Maintaining proper perspective on MMO games requires branching out into the unknown from time to time. Transistor, by indie developer Supergiant Games, is my latest foray. It’s a game with few flaws that doesn’t share a lot in common with MMOs but probably should. The story and characters are great. It doesn’t overstay it’s welcome at any point, and the art design melds perfectly with the music to appropriately set the mood. Most importantly though, Transistor treats me how I wish more MMO games treated me. It treats me as an intelligent individual that realizes I know what I want more than the developers. It asks me what I know, rather than telling. This treatment is endearing and typically lacking in MMOs.
Few issues in the MMO community stir up strong feelings the way lockboxes do. These virtual gambling devices stir up a level of hatred and vitriol unmatched by any other issue in the MMO world. And yet, they continue to propagate unchecked through our virtual worlds, despite the best efforts of the community.
If I may play Devil’s advocate here for a moment, I think the time may have come for us to take a step back and examine whether all the furor over lockboxes is really productive. It’s clear that lockboxes are here to stay, so perhaps it’s time for us to learn how to live with them.
This article was originally posted March 19, 2016. It has been recently updated.
Like a lot of MMO players, I’ve been sinking a lot of my free time into Black Desert Online. I’ve been sinking in my not-so-free time too, but I suppose that’s the curse of a good game. One of my two biggest concerns with Black Desert was the possibility of a pay to win cash shop. Korean MMORPGs are especially known for cash shops where paying real money is the only path to the top. In a lot of these MMORPGs, money advantages provide a completely insurmountable level of power.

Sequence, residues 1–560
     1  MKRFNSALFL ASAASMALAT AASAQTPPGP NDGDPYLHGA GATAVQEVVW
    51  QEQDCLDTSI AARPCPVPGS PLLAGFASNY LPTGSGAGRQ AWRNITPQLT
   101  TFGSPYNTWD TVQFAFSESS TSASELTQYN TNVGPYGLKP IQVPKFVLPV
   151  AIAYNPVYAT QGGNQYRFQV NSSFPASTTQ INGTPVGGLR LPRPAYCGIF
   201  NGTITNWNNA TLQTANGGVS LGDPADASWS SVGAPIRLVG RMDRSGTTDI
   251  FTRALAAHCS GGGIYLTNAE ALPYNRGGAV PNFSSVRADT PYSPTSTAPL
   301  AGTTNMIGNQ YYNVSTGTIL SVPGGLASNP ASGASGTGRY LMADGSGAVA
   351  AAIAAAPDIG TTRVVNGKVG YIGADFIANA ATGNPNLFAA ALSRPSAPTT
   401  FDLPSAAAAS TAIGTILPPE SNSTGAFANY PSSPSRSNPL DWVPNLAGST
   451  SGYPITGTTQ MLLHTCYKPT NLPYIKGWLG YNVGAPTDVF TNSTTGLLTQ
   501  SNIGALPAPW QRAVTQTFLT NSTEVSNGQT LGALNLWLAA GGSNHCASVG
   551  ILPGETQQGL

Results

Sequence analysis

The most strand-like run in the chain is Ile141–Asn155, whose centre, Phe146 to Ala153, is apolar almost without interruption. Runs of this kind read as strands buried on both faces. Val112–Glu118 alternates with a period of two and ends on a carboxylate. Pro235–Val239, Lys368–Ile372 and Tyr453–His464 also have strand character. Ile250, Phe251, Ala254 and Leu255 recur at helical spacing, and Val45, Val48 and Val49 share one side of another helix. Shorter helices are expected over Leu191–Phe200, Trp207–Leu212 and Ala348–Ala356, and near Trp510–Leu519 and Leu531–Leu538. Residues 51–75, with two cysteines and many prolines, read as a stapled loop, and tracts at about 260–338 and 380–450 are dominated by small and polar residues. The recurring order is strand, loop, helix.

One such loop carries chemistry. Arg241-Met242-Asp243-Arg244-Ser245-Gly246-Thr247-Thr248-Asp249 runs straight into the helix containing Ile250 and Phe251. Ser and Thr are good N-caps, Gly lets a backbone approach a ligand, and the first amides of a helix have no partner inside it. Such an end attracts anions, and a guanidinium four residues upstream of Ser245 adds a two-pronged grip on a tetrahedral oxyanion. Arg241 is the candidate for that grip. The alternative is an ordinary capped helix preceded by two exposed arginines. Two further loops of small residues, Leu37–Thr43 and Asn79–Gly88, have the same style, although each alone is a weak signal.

Black Desert has launched with what most do not consider a pay to win model. However, one item in particular has raised some serious concerns… Continue reading
Last week, Elder Scrolls Online launched their latest cash shop additions. The store now sells some pretty sweet storm atronach mounts, along with equally cool new skins. Unfortunately, gambling is the only way acquire these new collectibles. Alongside these items, Zenimax Online Studios has “welcomed” gambling crates to ESO.
As Deltia’s Gaming shows, the gambling crates aren’t a great value. Each crate costs $3.33 – $4 (depending on how many are purchased). Deltia purchased 45 crates, worth about $150. How many of these rare mounts did he receive for supporting gambling? Zero. Zilch. Nada. But that’s OK (or should be) because… Continue reading
RMT. Real money trading. The nasty three letter acronym associated with gold farming, pay to win, and bots. It’s existed in MMOs for the better part of two decades, back when Ultima Online gold traded at higher exchange rates (200 gold to $1 USD) than the Italian Lira, Hungarian Forint, Indonesian Rupiah, Vietnamese Dong, Colombian Peso, and several other real world countries (250 to 14,000 units to $1 USD). This was in era where all real money trading took place on eBay (sometimes facilitated by company employees), before more specialized shops opened their doors.
Eventually, massive inflation sets in because wolves… Continue reading
I started playing Dungeons and Dragons Online again a couple of weeks ago. The game stays true to its namesake with a plethora of instanced dungeons to explore. Though they come in different shapes and sizes, there’s really nothing else to do. Unlike MMORPGs with open world content, DDO is all about dungeon delving. After a few early levels, all of these are really meant for groups. Players can substitute hirelings in a pinch, but unsurprisingly a true player is almost always preferred. This design choice has created the double edged sword that has largely defined DDO’s existence.
Turbine’s Dungeons and Dragons Online is a lot of fun, but only with a group… Continue reading